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Balazs Odler, Andras T Deak, Gudrun Pregartner, Regina Riedl, Jasmin Bozic, Christian Trummer, Anna Prenner, Lukas Söllinger, Marcell Krall, Lukas Höflechner, Carina Hebesberger, Matias S Boxler, Andrea Berghold, Peter Schemmer, Stefan Pilz, Alexander R Rosenkranz

1
Apr 14, 2021
Nutrients
DOI :
10.3390/nu13041296
Article Institutional access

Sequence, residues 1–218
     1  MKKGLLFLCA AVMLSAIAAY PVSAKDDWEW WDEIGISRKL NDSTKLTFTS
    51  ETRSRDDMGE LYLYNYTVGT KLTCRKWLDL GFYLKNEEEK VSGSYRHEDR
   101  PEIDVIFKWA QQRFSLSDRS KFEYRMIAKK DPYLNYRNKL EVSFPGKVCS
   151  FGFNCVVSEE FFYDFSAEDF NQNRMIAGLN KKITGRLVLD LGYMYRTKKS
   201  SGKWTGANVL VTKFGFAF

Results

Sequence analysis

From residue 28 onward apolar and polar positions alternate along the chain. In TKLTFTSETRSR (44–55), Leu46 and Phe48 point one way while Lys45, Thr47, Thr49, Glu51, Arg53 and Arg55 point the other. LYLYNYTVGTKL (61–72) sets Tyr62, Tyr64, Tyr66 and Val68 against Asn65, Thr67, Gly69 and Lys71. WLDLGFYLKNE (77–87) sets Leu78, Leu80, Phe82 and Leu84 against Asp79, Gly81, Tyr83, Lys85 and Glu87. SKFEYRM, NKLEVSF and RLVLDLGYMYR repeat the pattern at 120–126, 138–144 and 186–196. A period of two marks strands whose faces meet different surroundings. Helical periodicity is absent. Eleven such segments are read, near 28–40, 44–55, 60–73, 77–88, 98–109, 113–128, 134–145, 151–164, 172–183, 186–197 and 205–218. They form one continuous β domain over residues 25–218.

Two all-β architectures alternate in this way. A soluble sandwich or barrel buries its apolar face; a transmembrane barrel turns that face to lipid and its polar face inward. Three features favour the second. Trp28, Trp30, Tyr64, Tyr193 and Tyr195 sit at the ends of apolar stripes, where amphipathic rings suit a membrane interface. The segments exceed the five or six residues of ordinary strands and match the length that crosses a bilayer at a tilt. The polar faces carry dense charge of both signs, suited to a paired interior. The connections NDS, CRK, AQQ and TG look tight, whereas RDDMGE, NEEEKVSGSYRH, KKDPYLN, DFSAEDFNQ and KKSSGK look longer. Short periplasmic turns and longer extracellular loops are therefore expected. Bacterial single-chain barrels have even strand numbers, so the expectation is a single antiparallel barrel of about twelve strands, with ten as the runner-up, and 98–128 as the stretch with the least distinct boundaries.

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Magnesium (Mg2+) deficiency is a common finding in the early phase after kidney transplantation (KT) and has been linked to immune dysfunction and infections. Data on the association of hypomagnesemia and the rate of infections in kidney transplant recipients (KTRs) are sparse. We conducted a single-center retrospective cohort study of KTRs transplanted between 2005 and 2015. Laboratory data, including serum Mg2+ (median time of the Mg2+ measurement from KT: 29 days), rate of infections including mainly urinary tract infections (UTI), and common transplant-related viral infections (CMV, polyoma, EBV) in the early phase after KT were recorded. The primary outcome was the incidence of infections within one year after KT, while secondary outcomes were hospitalization due to infection, incidence rates of long-term (up to two years) infections, and all-cause mortality. We enrolled 376 KTRs of whom 229 patients (60.9%) suffered from Mg2+ deficiency defined as a serum Mg2+ < 0.7 mmol/L. A significantly higher incidence rate of UTIs and viral infections was observed in patients with versus without Mg2+ deficiency during the first year after KT (58.5% vs. 47.6%, p = 0.039 and 69.9% vs. 51.7%, p < 0.001). After adjustment for potential confounders, serum Mg2+ deficiency remained an independent predictor of both UTIs and viral infections (odds ratio (OR): 1.73, 95% CI: 1.04-2.86, p = 0.035 and OR: 2.05, 95% CI: 1.23-3.41, p = 0.006). No group differences according to Mg2+ status in hospitalizations due to infections and infection incidence rates in the 12-24 months post-transplant were observed. In the Cox regression analysis, Mg2+ deficiency was not significantly associated with all-cause mortality (HR: 1.15, 95% CI: 0.70-1.89, p = 0.577). KTRs suffering from Mg2+ deficiency are at increased risk of UTIs and viral infections in the first year after KT. Interventional studies investigating the effect of Mg2+ supplementation on Mg2+ deficiency and viral infections in KTRs are needed.

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